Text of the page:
Listening to a podcast yesterday, I heard a tribute to the longtime New York Review of Books (NYRB) editor Robert Silvers, who died on Monday at the age of 87. He had been editor since the first issue in 1963, with one of the founders Barbara Epstein as co-editor until her death in 2006.
The NYRB is a major English language cultural institution, but in a way I would like to see it die with Silvers. I fear a giant media company such as Conde Nast will buy the title to exploit its legendary status. Its editorial decisions would then be determined by commercial considerations rather than the passions of an obsessed longtime editor.
Silvers' passions have defined the NYRB, and often a publication's story can be just as interesting as its content. For me the NYRB's wider story includes the London Review of Books (LRB) and Sydney's own Newtown Review of Books (NRB). Australian Book Review would qualify if it was called the Melbourne Review of Books, but it's not and therefore it doesn't.
Aside from the 'Review of Books' in their titles, what they have in common is that, in their own way, each of them is an upstart.
The NYRB was founded when a printers' strike shut down seven New York City newspapers, to take advantage of a gap in the market for book reviews. Similarly the LRB was started when publication of the Times Literary Supplement was suspended during the year-long management lock-out at The Times in 1979. Curiously the LRB was included as an insert in the NYRB for its first six months, in an umbilical cord kind of arrangement.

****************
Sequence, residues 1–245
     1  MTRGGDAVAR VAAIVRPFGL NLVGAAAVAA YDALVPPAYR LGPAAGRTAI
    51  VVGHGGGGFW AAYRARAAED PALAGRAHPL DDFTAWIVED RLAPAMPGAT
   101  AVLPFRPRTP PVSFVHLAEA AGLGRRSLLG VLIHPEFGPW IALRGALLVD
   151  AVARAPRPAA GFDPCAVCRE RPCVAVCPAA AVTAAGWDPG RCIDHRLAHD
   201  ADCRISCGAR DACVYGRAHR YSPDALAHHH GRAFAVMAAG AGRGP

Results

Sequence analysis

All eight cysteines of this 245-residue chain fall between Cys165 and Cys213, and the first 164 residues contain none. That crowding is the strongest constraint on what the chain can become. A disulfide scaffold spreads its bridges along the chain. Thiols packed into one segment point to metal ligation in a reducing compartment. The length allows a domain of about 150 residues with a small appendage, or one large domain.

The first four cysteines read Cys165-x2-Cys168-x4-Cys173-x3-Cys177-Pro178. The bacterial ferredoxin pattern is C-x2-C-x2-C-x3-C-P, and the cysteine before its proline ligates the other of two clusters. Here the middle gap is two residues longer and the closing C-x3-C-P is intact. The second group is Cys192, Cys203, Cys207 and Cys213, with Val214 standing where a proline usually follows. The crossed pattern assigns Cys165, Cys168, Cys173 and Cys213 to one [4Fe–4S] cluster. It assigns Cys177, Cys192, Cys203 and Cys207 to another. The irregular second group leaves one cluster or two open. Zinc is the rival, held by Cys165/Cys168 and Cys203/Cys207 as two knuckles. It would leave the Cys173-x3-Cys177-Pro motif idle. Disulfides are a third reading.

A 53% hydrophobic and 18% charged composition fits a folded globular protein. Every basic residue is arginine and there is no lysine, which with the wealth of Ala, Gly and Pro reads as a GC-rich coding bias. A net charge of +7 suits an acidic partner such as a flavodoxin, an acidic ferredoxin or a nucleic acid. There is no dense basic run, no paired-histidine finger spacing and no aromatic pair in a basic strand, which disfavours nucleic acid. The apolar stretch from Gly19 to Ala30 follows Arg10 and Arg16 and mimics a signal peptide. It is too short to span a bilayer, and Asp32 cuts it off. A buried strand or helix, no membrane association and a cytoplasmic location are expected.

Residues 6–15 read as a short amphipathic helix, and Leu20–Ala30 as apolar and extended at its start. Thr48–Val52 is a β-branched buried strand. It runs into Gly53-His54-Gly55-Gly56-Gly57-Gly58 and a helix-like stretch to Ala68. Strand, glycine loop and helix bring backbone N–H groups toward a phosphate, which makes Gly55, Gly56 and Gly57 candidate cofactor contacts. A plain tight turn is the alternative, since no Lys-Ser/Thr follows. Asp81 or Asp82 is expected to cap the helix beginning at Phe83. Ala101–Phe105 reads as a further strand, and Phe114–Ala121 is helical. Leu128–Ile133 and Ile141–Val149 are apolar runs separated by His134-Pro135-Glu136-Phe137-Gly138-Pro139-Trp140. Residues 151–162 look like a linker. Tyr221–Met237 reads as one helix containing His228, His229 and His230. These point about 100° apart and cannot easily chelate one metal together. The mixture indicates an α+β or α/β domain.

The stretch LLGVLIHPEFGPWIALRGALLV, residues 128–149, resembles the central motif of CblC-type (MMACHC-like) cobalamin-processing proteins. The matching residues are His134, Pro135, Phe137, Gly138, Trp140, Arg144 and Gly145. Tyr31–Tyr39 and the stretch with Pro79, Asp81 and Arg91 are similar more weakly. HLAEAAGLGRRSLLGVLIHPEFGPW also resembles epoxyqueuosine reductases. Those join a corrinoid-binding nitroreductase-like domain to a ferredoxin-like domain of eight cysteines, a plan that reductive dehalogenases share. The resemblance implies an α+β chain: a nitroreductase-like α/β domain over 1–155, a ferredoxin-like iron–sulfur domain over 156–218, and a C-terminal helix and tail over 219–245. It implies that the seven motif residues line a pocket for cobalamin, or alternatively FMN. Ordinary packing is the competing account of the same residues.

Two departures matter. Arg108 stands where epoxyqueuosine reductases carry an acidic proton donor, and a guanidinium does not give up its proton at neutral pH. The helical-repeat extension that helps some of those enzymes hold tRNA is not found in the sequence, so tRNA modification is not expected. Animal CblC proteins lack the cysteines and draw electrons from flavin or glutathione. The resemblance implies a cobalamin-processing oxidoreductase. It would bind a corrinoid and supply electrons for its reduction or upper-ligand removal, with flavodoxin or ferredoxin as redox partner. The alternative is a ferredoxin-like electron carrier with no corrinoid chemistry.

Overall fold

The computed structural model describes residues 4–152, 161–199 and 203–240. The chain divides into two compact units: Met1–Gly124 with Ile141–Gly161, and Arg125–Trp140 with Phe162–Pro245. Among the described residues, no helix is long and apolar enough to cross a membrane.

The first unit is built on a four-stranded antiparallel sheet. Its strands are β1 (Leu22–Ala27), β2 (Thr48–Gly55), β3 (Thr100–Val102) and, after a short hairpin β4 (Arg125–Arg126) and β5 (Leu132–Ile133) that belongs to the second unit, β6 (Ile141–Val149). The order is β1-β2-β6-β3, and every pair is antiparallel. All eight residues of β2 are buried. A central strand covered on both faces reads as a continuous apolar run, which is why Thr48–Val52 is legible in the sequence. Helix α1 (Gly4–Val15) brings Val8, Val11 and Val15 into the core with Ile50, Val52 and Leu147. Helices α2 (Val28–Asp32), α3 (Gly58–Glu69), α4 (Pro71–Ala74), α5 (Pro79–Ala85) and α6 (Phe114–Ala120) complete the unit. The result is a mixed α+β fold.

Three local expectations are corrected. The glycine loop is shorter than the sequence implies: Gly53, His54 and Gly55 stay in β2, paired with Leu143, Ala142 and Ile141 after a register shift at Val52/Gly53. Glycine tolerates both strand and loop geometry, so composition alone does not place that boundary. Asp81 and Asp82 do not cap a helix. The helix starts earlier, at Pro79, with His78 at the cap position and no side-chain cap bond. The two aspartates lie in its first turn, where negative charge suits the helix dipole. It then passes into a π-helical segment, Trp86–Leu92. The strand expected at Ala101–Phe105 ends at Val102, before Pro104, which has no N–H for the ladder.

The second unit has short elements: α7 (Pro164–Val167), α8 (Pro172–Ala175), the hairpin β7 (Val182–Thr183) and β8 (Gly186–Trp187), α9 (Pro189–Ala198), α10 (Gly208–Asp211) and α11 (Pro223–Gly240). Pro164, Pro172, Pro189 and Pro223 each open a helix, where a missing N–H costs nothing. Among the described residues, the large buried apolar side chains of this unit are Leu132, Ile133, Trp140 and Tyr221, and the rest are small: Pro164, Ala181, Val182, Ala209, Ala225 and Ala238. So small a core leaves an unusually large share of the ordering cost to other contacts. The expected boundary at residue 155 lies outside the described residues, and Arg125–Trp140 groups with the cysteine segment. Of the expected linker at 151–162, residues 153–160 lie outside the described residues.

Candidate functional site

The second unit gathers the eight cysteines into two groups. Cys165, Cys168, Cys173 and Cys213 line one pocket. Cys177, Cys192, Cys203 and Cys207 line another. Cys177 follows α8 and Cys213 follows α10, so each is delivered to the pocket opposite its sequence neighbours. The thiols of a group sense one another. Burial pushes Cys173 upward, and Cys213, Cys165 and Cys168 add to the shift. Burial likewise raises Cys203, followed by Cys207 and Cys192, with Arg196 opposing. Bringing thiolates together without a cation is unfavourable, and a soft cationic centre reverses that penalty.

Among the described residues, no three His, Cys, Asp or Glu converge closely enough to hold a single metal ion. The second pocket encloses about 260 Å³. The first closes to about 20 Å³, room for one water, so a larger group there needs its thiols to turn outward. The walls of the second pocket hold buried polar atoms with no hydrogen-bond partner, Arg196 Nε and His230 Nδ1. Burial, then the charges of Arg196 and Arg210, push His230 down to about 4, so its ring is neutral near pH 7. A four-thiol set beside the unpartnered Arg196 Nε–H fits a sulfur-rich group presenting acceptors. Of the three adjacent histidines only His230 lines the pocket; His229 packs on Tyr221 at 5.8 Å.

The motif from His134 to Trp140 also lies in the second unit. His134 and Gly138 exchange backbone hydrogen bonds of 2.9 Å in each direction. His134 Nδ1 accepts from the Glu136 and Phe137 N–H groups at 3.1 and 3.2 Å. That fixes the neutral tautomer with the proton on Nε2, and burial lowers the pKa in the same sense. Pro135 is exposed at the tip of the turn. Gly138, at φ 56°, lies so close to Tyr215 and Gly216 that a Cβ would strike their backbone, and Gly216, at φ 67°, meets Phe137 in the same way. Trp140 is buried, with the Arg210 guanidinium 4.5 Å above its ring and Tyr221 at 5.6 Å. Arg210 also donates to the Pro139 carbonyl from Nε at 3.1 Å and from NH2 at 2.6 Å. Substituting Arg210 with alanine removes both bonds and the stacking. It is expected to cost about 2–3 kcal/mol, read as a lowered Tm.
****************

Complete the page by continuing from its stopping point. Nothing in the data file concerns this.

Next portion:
The NRB's 2012 'upstart' founding was a little different, more in the nature of fandom. Or perhaps 'taking the piss'. I'm never sure. It was the hobby of a couple of Newtown locals from the world of publishing and editing, one of whom is married to the 'Godfather of Australian crime fiction' Peter Corris, who write's the NRB's 'Godfather' column.
The editing of the NRB is very professional, and like its more wordy and worthy namesakes, it does takes itself seriously, though in a different way.
It has a tight discipline and invariably does what it says it does. That is 'to provide intelligent reviews of books people will want to read'. It covers a range of subject areas that is eclectic but excludes poetry and children's books.
The stylistic counterpoint to the reviews is the 'Godfather' column, and it does an excellent job in filling out the NRB's 'eclectic' brief. It's always a good read. This week's is on hair. Corris, with his hairline intact, pontificates on the comb-over and other options available to balding men.
As a hobbyist online publication that cuts a professional cloth, NRB is part of a local tradition that includes the film review site Urban Cinefile. The editors Louise Keller and Andrew Urban decided to call it a day last month after 20 years and 1040 weekly editions.
I always found their reviews every bit as compelling as those of David and Margaret. But sadly the media acolades that marked the ending of their review partnership did not, as far as I can tell, extend beyond the Manly Daily.